And while storage providers may not be properly compensated for their services provided to the grid, the cost of the technology has been an even bigger issue. Experts from Deloitte said in a June webinar that cost has been the biggest issue challenging the widespread deployment of energy storage technologies.
The technology itself tends to be expensive, ABB’s Hayes said. ABB has been working to lower soft costs by using modularity and standard materials. “This usually helps in a few areas such as repeatability, which increases reliability and familiarity,” he said.
Storage technologies are seeing investment from venture capital as well as government innovation funds. Compressed air energy storage, a variation on pumped hydro, is receiving government investment, according to consultants at Deloitte. The technology has been successful in Germany and is used to store energy from wind farms, according to IEEE.
Powerful paradigm shift
IEEE predicted in a 2012 whitepaper that energy storage coupled with smart grid technology would see major leaps in the next 25 years. ABB’s Hayes agrees that storage technology has huge growth potential in North America, especially as the grid evolves to accommodate distributed resources.
“Now the flow of electrons are a lot tougher to follow,” Hayes said. “It’s not always generation, transmission, distribution, load. This makes protection schemes and loading of equipment much more challenging. Plus, with renewables as part of the portfolio now, that creates a generation resource that is changing output rapidly. When you are trying to balance supply vs. demand and you have one of those two changing their output rapidly, that is tough for a grid to handle. This is where energy storage has a huge value.”
Energy storage capacity is positioned to grow four-fold by 2019, according to GTM Research, which also predicted that distributed generation such as community solar could grow seven-fold by 2020. And these developments are bound to change the grid. As these technologies proliferate, Roberts said, energy will experience a paradigm shift.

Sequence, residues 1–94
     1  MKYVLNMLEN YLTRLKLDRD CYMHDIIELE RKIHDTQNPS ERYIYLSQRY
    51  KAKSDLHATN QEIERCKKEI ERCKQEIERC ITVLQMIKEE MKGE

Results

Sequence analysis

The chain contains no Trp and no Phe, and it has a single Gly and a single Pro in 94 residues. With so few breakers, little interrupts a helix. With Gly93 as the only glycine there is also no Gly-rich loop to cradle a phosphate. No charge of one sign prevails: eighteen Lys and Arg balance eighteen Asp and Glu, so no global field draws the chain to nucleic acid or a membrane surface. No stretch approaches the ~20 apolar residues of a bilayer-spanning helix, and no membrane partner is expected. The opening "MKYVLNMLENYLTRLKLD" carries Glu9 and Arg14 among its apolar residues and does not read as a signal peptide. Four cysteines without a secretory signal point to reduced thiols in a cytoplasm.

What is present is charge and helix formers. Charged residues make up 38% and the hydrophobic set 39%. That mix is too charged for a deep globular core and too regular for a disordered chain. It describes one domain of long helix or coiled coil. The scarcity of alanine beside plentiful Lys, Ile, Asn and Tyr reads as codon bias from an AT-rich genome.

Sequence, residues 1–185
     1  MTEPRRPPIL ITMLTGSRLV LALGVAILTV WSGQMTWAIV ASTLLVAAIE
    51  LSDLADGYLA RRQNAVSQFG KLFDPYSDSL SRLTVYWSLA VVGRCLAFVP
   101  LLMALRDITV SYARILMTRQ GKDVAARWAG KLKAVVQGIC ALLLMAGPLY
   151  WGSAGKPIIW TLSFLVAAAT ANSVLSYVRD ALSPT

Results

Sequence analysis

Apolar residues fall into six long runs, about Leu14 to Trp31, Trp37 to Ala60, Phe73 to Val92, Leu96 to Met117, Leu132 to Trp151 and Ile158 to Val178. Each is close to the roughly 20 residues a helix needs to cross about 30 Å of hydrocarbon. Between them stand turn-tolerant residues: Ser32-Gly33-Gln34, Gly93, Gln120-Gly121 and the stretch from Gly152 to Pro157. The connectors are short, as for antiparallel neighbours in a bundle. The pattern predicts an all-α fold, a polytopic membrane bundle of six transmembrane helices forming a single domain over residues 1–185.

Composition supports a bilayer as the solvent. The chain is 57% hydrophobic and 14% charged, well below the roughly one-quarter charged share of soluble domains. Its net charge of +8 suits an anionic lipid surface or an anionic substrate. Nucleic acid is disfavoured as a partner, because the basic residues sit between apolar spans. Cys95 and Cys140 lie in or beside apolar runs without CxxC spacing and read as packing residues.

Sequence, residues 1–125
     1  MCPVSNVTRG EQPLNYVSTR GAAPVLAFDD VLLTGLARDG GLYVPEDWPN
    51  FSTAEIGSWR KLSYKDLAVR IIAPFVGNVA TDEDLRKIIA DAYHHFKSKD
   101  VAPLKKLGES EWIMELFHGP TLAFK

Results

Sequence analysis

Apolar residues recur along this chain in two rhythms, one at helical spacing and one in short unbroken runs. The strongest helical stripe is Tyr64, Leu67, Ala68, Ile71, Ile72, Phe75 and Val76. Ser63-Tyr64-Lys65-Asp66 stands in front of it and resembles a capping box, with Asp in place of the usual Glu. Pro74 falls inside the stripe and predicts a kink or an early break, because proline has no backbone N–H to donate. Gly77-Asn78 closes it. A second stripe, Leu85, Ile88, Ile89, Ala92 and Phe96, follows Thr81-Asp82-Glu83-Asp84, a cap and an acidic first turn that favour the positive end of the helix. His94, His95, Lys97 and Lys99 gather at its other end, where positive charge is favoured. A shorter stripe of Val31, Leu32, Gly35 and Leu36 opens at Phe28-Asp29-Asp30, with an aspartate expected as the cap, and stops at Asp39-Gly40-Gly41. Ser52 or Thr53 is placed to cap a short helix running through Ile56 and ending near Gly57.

“[Electricity] is the world’s longest supply chain that has almost no warehousing ability whatsoever. And that change [storage] is massive, that brings about the ability to do things that we weren’t able to do before,” Roberts said.
With storage, pointed out Roberts, we can move energy long distances at night even when there’s no demand on the other end because we can charge up batteries or pump air into a cavern for a compressed air energy storage system. “And then we don’t have to burden the transmission system when we do have high demand,” he said. During the day when it’s needed, energy can be consumed and it appears to be generated locally, but obviously it was generated somewhere else.
“Storage allows us to operate the grid from a different approach and over the next 15–20 years, I think we’re going to start to see it play a larger and larger role in capacity markets,” predicted Roberts.
“We always talk about two-way energy flows and how we’re going to help make consumers into market participants where they’re basically being an active and engaged partner with utilities, with grid operators, to use the system more efficiently to respond to price signals and time of use rates. And energy storage is among the tools that enable those next generation concepts for how we want to be able to operate the grid,” Roberts explained.
Roberts predicts that even though grid-scale energy storage has driven the industry over the last 5–10 years, storage is going to increasingly be distributed on the system. Behind the meter storage is already picking up pace and will be the next gamechanger.